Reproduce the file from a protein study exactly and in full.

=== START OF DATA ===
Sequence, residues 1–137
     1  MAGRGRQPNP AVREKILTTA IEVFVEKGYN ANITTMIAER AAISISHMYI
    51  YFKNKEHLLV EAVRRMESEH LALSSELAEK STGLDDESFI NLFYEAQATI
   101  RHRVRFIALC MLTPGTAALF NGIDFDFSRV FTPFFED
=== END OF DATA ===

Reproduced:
Sequence, residues 1–137
     1  MAGRGRQPNP AVREKILTTA IEVFVEKGYN ANITTMIAER AAISISHMYI
    51  YFKNKEHLLV EAVRRMESEH LALSSELAEK STGLDDESFI NLFYEAQATI
   101  RHRVRFIALC MLTPGTAALF NGIDFDFSRV FTPFFED